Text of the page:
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BattleTech: Record Sheets: 3039 Unabridged
by Karl S. [Verified Purchaser] Date Added: 03/30/2015 23:39:03
Very good information and lots of useful information however for some reason this release is missing the mech costs. It seems very odd to me that the normal record sheets include c-bill costs for all mechs where as the unabridged version does not. If it contained Cost information I wouldn't hesitate to give it a 5 out of 5, but with out the costs I feel this is a bit of a step down from the original release.

Rating:
[2 of 5 Stars!]
BattleTech: Record Sheets: 3039 Unabridged
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Shadowrun: Novella: Neat
by Robert C. N. [Verified Purchaser] Date Added: 03/28/2015 12:23:30
I assume this is a great book. I assume this because there's no pdf file in the zip, and my iPad cannot use the formats that are there, so I never have actually had a chance to read this. I have many of the new Shadowrun novels on my wish list, hoping and praying for the day that Drivethru decides to finally offer a format I can open and read!

Rating:
[4 of 5 Stars!]
Shadowrun: Novella: Neat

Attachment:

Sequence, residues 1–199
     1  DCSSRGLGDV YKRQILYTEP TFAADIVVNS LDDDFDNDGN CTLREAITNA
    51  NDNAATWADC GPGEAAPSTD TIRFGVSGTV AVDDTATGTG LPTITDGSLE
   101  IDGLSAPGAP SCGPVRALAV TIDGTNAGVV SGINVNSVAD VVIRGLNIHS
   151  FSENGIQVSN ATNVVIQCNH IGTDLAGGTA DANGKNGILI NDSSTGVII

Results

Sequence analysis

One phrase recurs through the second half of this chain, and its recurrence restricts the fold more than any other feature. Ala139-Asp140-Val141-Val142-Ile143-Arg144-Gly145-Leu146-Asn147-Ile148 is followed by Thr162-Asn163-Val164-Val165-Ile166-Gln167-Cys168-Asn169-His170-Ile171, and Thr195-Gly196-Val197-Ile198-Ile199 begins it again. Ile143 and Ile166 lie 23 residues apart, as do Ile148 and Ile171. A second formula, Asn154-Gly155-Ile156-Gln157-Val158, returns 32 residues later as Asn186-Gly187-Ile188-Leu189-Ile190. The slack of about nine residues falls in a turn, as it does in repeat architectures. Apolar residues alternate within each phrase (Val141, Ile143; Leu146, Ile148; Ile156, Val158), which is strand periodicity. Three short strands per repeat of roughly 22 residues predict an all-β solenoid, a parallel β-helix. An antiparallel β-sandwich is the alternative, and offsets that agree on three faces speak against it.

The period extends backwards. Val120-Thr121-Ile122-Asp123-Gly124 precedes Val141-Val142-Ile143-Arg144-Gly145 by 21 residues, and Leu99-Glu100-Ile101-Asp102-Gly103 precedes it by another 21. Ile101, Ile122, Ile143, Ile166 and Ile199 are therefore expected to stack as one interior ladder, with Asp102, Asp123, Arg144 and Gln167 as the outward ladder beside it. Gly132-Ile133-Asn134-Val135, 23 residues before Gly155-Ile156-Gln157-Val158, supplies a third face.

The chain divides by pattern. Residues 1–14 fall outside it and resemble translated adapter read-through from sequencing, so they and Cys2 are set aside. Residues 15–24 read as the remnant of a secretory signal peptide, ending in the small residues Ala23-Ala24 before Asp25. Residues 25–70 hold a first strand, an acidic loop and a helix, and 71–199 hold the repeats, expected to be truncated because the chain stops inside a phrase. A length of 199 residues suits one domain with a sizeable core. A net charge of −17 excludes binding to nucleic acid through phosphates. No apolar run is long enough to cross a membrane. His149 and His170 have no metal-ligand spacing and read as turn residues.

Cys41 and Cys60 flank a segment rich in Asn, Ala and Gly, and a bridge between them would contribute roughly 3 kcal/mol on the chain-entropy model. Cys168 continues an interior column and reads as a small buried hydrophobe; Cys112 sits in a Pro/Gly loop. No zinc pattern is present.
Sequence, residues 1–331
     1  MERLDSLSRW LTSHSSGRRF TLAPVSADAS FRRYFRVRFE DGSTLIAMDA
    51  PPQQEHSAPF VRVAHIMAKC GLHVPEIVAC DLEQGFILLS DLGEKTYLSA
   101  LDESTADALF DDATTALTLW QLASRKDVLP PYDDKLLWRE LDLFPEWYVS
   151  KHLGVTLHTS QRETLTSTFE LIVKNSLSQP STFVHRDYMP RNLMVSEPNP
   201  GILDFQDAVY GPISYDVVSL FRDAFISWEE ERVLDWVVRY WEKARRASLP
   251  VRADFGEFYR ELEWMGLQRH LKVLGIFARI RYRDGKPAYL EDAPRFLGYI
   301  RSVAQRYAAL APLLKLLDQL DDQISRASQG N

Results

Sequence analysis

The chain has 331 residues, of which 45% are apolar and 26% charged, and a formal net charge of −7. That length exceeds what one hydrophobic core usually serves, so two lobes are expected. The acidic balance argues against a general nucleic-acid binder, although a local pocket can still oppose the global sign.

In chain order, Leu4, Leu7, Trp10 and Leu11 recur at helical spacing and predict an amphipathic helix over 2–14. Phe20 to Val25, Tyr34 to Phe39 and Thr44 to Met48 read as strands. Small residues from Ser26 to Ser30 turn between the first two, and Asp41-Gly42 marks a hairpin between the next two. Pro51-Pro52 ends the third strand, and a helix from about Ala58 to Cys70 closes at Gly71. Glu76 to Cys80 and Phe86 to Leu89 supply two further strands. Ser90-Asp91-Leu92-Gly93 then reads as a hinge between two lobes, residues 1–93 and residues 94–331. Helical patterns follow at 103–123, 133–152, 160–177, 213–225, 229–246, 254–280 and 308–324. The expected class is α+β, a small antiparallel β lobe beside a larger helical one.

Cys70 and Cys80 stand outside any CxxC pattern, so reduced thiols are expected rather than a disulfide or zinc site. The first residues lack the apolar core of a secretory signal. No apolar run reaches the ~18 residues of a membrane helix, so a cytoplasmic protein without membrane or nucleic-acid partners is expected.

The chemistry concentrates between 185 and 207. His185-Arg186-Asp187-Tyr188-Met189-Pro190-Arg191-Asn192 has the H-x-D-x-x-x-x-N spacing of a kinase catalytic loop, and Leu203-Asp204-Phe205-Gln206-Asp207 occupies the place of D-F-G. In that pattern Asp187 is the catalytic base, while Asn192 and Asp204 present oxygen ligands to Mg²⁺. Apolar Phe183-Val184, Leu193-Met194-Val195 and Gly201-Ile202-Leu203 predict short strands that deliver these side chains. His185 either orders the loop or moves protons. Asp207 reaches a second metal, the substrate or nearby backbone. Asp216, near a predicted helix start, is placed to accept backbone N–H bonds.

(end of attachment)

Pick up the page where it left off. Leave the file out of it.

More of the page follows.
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Shadowrun: Run Faster
by Sean H. [Featured Reviewer] Date Added: 03/26/2015 16:40:59
Shadowrun: Run Faster provides a wealth of options and tools for character development and customization, broadly expanding the choices available for metatypes, qualities and more while also provides background information on the world that can be used to enhance roleplaying. While it is a little disorganized, overall Run Faster is an immensely useful sorcebook primarily for players but GMs will find much to use as well.

Shadowrun: Run Faster, is a Core Player Handbook for the 5th edition of Shadowrun, so what does that mean? It means that this book is full of character options, discussions and variant systems to all for greater customization and understanding of the character and their role in the Shadowrun world.